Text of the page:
Food Safety and Hygiene

10 food safety tips for commercial kitchens.

Written by Stainless Cleans on Tuesday, 12 January 2016. Posted in Food Safety and Hygiene

10 food safety tips for commercial kitchens.

Ensure everyone is properly trained.
All managers and staff must have proper food safety knowledge. The health inspector will ask questions and a restaurant can be fined for showing inadequate knowledge of safe food handling practices.

Hands must be washed.
One of the main culprits of foodborne illnesses is person-to-person contact resulting from dirty hands. Restaurant employees must regularly and thoroughly wash their hands in order to protect customers and the restaurant from a food poisoning outbreak.

Produce must be washed.
Fresh produce is not always cooked before serving so washing by hand is the only way to remove any bacteria that may be on the surface.

CAN YOU SPOT THE DIFFERENCE?

Written by Stainless Cleans on Tuesday, 12 January 2016. Posted in Food Safety and Hygiene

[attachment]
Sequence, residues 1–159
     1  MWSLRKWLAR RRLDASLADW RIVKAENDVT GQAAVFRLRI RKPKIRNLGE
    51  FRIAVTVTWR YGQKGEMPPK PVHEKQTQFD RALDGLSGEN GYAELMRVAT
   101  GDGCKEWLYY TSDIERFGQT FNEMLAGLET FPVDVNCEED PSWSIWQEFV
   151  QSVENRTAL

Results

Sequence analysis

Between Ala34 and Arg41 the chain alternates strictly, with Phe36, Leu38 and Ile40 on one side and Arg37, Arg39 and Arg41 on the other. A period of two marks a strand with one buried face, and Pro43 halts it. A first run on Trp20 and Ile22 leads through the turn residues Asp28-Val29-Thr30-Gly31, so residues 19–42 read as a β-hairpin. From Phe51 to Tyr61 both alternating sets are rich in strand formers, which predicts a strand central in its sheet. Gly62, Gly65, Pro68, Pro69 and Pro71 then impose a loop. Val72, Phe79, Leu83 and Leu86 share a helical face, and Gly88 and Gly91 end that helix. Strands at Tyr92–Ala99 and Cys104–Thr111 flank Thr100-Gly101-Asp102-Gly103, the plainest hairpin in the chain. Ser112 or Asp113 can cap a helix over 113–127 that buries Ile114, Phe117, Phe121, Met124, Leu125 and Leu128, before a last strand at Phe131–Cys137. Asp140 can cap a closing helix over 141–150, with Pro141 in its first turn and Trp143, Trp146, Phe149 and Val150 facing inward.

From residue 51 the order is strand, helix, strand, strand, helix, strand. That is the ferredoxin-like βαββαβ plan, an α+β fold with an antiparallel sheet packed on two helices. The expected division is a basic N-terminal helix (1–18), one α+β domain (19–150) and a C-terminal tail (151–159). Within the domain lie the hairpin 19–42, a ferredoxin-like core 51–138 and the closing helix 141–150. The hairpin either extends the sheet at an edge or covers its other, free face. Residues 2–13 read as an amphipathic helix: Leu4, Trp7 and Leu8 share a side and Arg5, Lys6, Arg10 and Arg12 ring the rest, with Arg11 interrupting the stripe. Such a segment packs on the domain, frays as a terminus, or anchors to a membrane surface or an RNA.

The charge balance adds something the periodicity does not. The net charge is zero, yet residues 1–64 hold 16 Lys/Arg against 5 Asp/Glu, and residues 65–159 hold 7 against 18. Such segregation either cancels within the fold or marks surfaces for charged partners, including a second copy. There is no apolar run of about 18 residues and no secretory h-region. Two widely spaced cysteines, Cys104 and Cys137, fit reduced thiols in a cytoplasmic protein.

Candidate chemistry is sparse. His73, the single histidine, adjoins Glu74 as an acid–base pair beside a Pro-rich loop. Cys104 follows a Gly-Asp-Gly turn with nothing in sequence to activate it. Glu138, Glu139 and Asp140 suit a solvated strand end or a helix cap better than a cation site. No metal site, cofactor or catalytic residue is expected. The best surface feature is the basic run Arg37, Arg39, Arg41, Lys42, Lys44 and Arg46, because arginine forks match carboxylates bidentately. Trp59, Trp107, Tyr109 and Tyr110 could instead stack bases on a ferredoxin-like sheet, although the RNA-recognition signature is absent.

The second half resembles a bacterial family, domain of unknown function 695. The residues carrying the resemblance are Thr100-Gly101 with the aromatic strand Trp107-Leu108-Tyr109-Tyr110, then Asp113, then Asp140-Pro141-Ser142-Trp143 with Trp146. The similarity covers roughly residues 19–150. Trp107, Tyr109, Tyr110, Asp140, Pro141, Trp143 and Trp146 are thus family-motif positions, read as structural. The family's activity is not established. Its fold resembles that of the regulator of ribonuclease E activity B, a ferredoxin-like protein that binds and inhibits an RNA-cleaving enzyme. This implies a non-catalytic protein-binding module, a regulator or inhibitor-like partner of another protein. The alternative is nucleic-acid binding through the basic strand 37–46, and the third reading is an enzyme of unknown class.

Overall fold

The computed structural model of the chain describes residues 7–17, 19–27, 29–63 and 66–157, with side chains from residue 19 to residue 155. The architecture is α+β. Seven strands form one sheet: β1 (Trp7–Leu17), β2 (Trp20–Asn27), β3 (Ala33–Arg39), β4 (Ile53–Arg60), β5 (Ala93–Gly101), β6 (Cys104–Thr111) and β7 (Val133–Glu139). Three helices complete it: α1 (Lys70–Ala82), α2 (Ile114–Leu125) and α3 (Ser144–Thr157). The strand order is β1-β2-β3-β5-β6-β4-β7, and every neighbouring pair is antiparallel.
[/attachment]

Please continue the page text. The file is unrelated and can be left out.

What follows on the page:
CAN YOU SPOT THE DIFFERENCE?

Not all kitchens are the same.
Here are 5 common reasons for poor hygiene ratings.

No documented food safety management system in place.
Whilst your premises may not be dirty if there is no documentation demonstrating that food safety is being taken seriously then there’s no immediate proof.


Failure to manage an existing food safety system.
Documenting and monitoring records such as fridge/freezer temperatures etc must be logged in regular and timely manner.

What You Need to Know About Foodborne Illnesses if You Love Eating Out

Written by Stainless Cleans on Friday, 27 June 2014. Posted in Food Safety and Hygiene

catering-front  of  house - Stainless Cleans - Commercial Cleaning in London

Food borne illnesses are infections caused by food substances or drinks consisting of harmful bacteria, viruses, parasites or even chemicals which lead to irritations in the gastrointestinal tract. Your GI tract constitutes a series of organs connected to each other to form a long, hollow tube from the mouth to the anus. While most food borne illnesses tend to be acute, which means they occur abruptly and last for a short period, there are some instances in which a food borne illness may be severe and cause debilitating complications.

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